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Review of  Inquiries in Hispanic Linguistics

Reviewer: John M. Ryan
Book Title: Inquiries in Hispanic Linguistics
Book Author: Alejandro Cuza Lori Czerwionka Daniel Olson
Publisher: John Benjamins
Linguistic Field(s): Morphology
Subject Language(s): Spanish
Issue Number: 28.4123

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REVIEWS EDITOR: Helen Aristar-Dry


According to the book’s editors, the purpose of “Inquiries in Hispanic Linguistics” (hereafter “Inquiries”) is to present eighteen peer-reviewed articles, both theoretical and empirical, that are representative of: 1) the quality of papers delivered at the 18th Hispanic Linguistics Symposium which took place at Purdue University in November of 2014; and 2) the scope of research currently conducted in the area of Hispanic linguistics. As an edited compilation, the book’s introduction organizes its eighteen essays into three broad areas of Hispanic linguistics, and in the following order: 1) syntax and semantics, 2) phonetics/phonology and related interfaces; and 3) language contact and variation.

The first category of syntax and semantics includes seven papers, summarized as follows:

The first paper of this section by José Camacho titled “Towards a theory of assertion structure: Higher and lower focus in Colombian Spanish” demonstrates that the difference between narrow and broad focus found in two structures of Colombian Spanish can be adequately explained by syntactic analysis, the first being a lower copular verb that can only merge below tense because of c-command requirements, and a higher expletive which can only merge above tense. The second paper by Grant Armstrong and titled “Towards a theory of pronominal verb constructions in Spanish” argues for a common explanation for the appearance of the clitic ‘se’ in all three unaccusative, unergative, and transitive pronominal verb constructions, claiming that all three pronominal verb types select a defective head which in Spanish produces [∅] and post syntactically is filled by ‘se.’ Appearing third in this section of papers is a psycholinguistic study by Joshua Frank titled “On the grammaticality of recomplementation in Spanish,” offering a processing-based account as contrasted with accepted grammatical-based accounts, to help explain the difference in grammaticality judgments for this structure in English and Spanish.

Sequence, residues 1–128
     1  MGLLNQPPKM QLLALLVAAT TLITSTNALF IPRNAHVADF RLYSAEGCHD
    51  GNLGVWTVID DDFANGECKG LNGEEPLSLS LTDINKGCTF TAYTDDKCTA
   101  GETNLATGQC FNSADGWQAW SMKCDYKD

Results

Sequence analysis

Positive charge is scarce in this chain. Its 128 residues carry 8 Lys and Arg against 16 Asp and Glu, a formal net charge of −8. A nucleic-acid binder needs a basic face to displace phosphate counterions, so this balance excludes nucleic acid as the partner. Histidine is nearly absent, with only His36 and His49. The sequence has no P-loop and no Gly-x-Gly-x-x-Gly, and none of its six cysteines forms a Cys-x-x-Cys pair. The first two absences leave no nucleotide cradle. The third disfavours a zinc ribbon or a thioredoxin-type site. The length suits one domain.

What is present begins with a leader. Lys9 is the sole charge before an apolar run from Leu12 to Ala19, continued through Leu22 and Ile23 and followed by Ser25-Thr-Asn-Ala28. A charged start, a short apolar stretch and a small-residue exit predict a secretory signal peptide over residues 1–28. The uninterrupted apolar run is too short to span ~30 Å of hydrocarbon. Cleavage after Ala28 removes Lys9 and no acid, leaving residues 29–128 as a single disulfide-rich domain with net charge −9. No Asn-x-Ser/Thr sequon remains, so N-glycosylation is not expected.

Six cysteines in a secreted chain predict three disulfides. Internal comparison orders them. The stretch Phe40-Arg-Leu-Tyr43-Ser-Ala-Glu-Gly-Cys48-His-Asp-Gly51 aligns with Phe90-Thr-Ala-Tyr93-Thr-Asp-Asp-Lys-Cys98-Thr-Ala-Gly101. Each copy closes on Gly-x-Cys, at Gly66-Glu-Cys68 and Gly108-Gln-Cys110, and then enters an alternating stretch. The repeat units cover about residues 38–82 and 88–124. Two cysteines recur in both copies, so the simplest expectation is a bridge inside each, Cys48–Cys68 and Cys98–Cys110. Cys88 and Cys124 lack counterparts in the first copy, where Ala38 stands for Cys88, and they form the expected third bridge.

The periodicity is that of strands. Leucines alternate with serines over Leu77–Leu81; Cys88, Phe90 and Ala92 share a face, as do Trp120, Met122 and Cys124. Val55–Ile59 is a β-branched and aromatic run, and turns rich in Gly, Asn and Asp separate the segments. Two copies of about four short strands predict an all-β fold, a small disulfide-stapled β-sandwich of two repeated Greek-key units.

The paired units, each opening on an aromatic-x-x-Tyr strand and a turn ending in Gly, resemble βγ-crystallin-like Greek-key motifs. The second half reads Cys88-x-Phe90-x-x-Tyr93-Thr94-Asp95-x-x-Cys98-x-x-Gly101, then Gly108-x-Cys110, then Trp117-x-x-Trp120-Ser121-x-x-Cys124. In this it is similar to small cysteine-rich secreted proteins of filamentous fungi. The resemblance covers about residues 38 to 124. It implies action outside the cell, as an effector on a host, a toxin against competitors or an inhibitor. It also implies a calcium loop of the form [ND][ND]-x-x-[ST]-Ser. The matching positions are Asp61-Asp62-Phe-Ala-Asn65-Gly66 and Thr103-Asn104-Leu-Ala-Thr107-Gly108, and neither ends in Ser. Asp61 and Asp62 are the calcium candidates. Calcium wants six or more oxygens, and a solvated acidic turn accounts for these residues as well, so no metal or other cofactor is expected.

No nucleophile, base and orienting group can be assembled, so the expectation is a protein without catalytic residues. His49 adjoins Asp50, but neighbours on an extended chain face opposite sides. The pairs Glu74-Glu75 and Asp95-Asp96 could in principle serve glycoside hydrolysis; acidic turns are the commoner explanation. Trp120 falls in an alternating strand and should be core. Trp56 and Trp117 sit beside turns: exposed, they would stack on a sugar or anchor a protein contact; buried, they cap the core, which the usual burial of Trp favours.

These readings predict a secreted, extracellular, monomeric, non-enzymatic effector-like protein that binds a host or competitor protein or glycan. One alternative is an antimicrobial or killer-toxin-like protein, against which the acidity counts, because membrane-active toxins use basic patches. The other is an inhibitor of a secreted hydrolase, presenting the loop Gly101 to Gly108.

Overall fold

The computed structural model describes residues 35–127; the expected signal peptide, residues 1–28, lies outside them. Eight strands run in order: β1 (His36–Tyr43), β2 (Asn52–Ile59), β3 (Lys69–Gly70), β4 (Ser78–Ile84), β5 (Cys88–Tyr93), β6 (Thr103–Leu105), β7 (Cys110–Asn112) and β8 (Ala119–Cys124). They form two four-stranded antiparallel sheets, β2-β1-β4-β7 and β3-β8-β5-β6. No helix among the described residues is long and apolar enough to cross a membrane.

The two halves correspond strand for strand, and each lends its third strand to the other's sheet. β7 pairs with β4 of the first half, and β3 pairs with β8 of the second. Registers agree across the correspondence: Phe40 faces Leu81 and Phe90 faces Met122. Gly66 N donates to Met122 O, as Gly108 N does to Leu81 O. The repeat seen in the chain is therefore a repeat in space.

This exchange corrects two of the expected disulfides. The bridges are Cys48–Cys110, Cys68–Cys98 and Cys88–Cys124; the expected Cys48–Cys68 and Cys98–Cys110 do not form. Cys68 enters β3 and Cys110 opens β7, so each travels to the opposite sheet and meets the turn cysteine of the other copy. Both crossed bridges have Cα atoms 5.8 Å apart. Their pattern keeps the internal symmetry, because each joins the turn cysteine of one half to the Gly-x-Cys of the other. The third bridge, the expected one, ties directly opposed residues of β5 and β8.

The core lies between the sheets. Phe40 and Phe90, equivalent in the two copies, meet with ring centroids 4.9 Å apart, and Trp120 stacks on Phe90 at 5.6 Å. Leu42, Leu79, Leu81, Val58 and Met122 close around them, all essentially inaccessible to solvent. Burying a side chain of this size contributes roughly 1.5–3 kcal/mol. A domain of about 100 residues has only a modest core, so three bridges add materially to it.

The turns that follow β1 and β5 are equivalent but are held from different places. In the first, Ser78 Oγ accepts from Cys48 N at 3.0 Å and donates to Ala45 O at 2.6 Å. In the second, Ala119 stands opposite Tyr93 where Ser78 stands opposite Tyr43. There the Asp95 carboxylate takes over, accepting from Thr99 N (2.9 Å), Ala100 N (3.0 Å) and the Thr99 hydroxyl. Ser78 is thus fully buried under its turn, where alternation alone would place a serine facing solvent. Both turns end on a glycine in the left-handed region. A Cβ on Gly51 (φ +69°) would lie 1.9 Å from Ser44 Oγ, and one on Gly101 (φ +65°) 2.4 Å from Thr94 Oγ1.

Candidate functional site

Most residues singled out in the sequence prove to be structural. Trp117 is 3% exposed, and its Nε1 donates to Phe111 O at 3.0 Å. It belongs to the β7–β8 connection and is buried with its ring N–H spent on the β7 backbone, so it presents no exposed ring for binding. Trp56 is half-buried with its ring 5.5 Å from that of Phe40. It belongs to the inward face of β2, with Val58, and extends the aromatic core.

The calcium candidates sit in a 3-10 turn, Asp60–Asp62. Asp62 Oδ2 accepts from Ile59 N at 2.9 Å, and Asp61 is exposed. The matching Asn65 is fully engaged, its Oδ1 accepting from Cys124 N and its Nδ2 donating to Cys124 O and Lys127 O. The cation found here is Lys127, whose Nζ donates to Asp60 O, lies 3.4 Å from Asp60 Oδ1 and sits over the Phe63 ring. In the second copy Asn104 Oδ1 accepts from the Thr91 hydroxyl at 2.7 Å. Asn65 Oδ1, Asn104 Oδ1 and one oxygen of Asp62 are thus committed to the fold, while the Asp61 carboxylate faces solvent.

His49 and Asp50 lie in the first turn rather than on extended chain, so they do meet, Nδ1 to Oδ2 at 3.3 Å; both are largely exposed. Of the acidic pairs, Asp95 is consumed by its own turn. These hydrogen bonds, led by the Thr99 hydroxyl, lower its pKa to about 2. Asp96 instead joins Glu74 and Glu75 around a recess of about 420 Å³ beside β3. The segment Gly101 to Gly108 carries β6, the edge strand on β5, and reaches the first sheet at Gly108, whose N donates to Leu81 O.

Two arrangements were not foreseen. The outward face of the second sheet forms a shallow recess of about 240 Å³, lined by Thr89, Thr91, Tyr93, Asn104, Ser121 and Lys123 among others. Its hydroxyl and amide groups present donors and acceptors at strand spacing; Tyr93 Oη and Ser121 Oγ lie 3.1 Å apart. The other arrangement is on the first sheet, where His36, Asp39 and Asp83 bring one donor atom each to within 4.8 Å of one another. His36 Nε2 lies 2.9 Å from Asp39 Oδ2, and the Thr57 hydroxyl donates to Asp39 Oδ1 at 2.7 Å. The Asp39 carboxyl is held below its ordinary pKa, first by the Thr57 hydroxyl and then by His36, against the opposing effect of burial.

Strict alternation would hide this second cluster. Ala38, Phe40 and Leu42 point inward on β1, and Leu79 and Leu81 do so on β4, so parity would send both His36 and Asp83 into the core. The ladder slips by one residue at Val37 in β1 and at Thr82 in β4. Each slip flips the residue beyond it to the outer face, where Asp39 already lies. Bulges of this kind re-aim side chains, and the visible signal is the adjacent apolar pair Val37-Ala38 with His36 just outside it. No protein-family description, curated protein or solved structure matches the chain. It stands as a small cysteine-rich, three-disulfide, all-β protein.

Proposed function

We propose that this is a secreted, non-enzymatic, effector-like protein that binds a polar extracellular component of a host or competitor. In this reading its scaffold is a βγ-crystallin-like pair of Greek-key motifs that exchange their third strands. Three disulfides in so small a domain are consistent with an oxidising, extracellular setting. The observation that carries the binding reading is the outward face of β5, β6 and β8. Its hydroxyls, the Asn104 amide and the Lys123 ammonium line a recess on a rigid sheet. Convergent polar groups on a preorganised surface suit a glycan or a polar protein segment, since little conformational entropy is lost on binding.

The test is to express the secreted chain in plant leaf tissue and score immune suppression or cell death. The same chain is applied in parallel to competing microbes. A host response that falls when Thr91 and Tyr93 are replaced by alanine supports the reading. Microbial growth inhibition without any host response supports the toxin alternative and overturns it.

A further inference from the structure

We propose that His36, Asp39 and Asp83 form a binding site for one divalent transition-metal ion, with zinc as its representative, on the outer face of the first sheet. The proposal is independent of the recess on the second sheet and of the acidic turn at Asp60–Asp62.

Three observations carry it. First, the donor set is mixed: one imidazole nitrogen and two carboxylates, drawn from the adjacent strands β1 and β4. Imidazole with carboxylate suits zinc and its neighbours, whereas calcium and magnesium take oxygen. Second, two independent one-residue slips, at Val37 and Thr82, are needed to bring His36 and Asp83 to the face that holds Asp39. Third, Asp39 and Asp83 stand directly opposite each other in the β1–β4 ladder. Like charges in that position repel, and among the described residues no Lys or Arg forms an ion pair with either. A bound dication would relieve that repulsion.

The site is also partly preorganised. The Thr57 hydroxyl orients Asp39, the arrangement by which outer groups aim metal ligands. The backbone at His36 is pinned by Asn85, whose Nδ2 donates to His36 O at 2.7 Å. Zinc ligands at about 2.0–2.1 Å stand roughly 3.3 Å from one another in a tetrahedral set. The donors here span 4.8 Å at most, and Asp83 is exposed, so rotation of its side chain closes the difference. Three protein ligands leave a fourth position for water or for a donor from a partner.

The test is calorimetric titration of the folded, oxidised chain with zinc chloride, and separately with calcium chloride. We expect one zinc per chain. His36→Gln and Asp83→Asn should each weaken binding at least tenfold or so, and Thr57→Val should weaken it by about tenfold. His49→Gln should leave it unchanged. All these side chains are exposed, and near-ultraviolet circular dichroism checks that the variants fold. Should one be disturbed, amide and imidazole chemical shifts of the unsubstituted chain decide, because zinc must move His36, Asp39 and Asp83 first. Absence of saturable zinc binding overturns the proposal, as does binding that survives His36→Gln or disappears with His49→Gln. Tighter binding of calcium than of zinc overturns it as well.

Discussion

The section continues with a fourth paper by Laura Domínguez and Glyn Hicks, titled “Synchronic change in a multidialectal Spanish community: Evidence from null and postverbal subjects,” and provides what the authors assert is a necessary minimalist account for the case of L1 morphosyntactic attrition exhibited in the realization of null and postverbal subjects by speakers in two bilingual Spanish-English communities, Cubans in Miami and Spaniards in an unspecified location in the UK. The authors suggest that changes in these structures are due to changes in lexical features within functional categories. Using conversational data from Spanish and English, the fifth paper in this section by Jonathan Steuck is titled “Exploring the syntax-semantics-prosody interface: Complement clauses in conversation” and investigates the relationship between a prosodic unit, namely, the IU (intonation unit), and whether matrix and complement clauses occur within the same or different IUs. Among the author’s conclusions are that both matrix and complement clauses occur in the same IU more than two thirds of the time. However, intervening syntactic material between the verb of the matrix clause and the complement clause favors the occurrence of the complement clause in a different IU. The sixth paper in this section by Ramón Padilla-Reyes, Javier Gutiérrez-Rexach and Melvin González-Rivera and titled “Generalized gradability and extremeness in Puerto Rican Spanish” seeks to provide a unified semantic account of the expression of extremeness in Puerto Rican Spanish among sentences, adverbs, adjectives and lexicalized phrases. The authors do this by mapping extremeness along several contextually-dependent dimensions. Bringing the first section of papers to a close is a study by Elizabeth Gielau titled “On the mistaken identity of negated epistemics” which examines the relationship between negated epistemic predicates to other types of negated predicates or emotive predicates in Spanish. The author demonstrates how all three predicate types share many of the same properties.